Why Did the Treaty of Fort Laramie Fail?

The Treaty of Fort Laramie failed due to the discovery of gold in the Black Hills. Although the treaty was meant to recognize the Black Hills as part of the Sioux Indian's reservation, the U.S. military backed expeditions by miners into the area in search of gold.

Following years of battles and skirmishes in the Dakota territory, a conference was held in 1868 at Fort Laramie, in present day Wyoming, between the U.S. government and the leadership of the Sioux Indian tribe. The treaty, which set up a reservation for the indigenous Sioux, formed a short-lived peace between the American settlers in the Dakota Territory and the members of the tribe. Due to the location of the reservation, the agreement gave the Sioux exclusive rights to the Black Hills, which were sacred lands to the tribe.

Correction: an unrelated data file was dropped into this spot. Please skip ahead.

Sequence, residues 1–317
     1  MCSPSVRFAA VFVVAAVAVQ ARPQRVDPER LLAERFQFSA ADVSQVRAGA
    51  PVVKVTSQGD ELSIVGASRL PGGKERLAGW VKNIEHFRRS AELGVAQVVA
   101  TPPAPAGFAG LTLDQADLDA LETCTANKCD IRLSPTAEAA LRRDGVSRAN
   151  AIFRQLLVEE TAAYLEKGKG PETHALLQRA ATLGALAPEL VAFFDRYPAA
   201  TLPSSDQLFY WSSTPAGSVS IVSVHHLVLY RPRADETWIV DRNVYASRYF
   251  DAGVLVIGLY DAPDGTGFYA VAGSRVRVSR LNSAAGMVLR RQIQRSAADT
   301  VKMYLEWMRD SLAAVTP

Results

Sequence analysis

In 1874, General George Custer and his forces gave military protection on gold mining expeditions into the Black Hills. Miners soon found gold, and the white settlers, with the backing of the U.S. government, were soon breaking the treaty formed just six years earlier. In 1876, Custer's forces were defeated at Little Big Horn River by Sioux and Cheyenne Indians. In the aftermath of the defeat, the U.S. government officially took the Black Hills lands away from the Sioux in 1877.